Cherie Jones on Toni Morrison
There was this one summer, I must have been about 12, when I discovered the writing of both Toni Morrison and Maya Angelou. Maya’s writing was open, honest, embracing. Toni’s, equally important, equally honest, was somehow more obscure. Maya’s truths were clearly presented, served like confidences between firm friends. Toni’s left me peeling back the layers of the onion long after the last page, unaware that tears were but a necessary nuisance. Weeks later, when I felt I’d arrived at the core of the thing, I’d be floored, rushing for a re-read to make certain that the truth I’d just received had, indeed, been sitting in the subtleties of her story all along.
The first Toni Morrison book I read was ‘Tar Baby’ and the impression it made on me was immediate, visceral, complex. I knew after I read (and re-read) it that something fundamental had shifted, but it was years before I could even begin to understand how Toni Morrison had influenced my own writing. It was Toni who taught me how beautifully words could be wrought to tell the truth about difficult and ugly things. I watched how she drew circles around events, places and people, making the stories of each intersect so that the shaded areas in between shone a light on life, a light so brilliant, nothing could stay hidden beneath it. I read her words and I rummaged in the spaces until I understood. That summer, I inhaled every Toni Morrison book I could get my hands on. I still return to several of those yellowing books today. I’m still finding magic in those spaces.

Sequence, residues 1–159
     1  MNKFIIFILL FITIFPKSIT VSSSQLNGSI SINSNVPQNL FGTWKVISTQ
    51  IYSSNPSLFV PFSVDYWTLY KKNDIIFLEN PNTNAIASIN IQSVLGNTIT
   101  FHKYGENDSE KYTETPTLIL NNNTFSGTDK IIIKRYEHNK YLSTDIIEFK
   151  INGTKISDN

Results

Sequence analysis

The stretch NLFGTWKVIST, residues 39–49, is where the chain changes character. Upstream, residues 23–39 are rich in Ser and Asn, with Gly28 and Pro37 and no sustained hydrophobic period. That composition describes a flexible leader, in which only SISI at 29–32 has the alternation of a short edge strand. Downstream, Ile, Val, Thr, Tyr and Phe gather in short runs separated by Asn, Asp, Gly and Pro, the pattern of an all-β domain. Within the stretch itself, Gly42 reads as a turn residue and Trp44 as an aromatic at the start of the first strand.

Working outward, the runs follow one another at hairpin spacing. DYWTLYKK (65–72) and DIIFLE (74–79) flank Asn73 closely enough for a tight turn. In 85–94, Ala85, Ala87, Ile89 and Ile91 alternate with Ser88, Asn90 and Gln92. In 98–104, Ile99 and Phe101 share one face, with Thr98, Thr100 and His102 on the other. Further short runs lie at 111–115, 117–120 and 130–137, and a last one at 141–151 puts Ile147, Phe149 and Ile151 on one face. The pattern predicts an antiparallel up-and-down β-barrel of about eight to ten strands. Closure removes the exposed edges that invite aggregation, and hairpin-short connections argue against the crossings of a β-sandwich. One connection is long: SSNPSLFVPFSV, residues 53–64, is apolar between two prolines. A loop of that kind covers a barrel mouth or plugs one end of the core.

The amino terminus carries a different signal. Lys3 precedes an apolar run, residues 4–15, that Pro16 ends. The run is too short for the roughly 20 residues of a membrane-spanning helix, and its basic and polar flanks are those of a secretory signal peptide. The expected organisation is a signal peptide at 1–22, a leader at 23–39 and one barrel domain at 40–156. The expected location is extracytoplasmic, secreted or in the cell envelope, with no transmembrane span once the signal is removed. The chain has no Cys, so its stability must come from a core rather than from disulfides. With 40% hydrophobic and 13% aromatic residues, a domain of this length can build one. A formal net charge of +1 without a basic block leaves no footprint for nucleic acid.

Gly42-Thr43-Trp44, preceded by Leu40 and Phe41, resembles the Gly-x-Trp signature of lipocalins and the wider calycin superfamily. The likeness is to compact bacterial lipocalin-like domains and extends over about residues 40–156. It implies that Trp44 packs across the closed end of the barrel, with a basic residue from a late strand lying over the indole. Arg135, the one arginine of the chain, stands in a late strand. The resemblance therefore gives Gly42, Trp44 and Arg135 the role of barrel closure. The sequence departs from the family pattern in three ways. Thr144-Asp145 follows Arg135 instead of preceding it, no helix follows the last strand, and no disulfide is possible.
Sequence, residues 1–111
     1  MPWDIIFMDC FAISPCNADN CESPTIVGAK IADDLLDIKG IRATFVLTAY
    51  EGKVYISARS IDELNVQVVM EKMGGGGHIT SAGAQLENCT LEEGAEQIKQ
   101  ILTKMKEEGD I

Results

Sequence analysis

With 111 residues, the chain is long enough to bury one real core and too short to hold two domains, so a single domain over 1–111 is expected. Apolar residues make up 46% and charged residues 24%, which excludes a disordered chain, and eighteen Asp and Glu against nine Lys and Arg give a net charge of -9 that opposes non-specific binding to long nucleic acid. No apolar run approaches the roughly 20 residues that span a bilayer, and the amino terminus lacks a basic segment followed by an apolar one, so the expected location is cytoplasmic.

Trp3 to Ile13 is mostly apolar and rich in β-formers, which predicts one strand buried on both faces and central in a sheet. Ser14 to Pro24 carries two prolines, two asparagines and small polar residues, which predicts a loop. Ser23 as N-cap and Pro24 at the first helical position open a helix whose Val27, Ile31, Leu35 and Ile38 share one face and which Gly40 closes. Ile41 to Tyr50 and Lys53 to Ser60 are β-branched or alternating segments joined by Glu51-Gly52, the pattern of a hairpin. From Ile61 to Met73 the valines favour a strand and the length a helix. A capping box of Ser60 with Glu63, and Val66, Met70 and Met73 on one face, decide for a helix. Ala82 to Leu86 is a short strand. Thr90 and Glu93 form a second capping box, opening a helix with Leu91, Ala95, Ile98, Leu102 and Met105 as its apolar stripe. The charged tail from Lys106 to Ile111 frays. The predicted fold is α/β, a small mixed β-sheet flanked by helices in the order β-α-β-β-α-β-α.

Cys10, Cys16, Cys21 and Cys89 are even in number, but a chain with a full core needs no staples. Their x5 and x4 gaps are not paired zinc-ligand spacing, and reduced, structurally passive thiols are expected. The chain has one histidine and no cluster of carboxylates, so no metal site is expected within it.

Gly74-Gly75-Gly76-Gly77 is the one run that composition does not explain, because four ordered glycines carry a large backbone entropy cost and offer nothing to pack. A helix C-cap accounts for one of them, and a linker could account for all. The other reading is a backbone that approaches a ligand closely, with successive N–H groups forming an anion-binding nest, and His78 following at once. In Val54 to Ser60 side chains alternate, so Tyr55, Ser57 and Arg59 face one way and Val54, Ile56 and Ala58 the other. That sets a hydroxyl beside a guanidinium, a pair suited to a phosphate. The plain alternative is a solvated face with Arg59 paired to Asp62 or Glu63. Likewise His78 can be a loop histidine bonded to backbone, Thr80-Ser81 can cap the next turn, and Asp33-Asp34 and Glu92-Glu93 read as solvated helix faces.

Check out Cherie Jones’ latest book How The One-Armed Sister Sweeps Her House
Cherie Jones is a writer, mom and lawyer. She is a graduate of the MA in Writing at Sheffield Hallam University where she was awarded the Archie Markham Award and the A M Heath Prize.
Her publication credits include The Feminist Wire, PANK, Eclectica and BBC Radio 4. She is a past fellowship awardee of the Vermont Studio Centre.
Cherie’s first novel ‘How the One-Armed Sister Sweeps Her House’ was shortlisted for the 2021 UK Women’s Prize and longlisted for the OCM Bocas.